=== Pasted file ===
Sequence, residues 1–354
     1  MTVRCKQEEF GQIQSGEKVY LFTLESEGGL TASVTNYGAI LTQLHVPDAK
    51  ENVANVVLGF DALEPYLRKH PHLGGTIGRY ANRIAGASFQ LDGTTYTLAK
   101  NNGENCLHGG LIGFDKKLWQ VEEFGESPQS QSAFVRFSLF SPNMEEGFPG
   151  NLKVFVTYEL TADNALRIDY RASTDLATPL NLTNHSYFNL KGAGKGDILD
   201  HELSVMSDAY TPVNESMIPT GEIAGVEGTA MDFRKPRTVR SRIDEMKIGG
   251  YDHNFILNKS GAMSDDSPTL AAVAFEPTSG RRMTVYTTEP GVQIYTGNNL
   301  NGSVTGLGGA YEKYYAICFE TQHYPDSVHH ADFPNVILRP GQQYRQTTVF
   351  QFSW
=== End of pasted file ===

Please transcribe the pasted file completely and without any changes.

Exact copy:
Sequence, residues 1–354
     1  MTVRCKQEEF GQIQSGEKVY LFTLESEGGL TASVTNYGAI LTQLHVPDAK
    51  ENVANVVLGF DALEPYLRKH PHLGGTIGRY ANRIAGASFQ LDGTTYTLAK
   101  NNGENCLHGG LIGFDKKLWQ VEEFGESPQS QSAFVRFSLF SPNMEEGFPG
   151  NLKVFVTYEL TADNALRIDY RASTDLATPL NLTNHSYFNL KGAGKGDILD
   201  HELSVMSDAY TPVNESMIPT GEIAGVEGTA MDFRKPRTVR SRIDEMKIGG
   251  YDHNFILNKS GAMSDDSPTL AAVAFEPTSG RRMTVYTTEP GVQIYTGNNL
   301  NGSVTGLGGA YEKYYAICFE TQHYPDSVHH ADFPNVILRP GQQYRQTTVF
   351  QFSW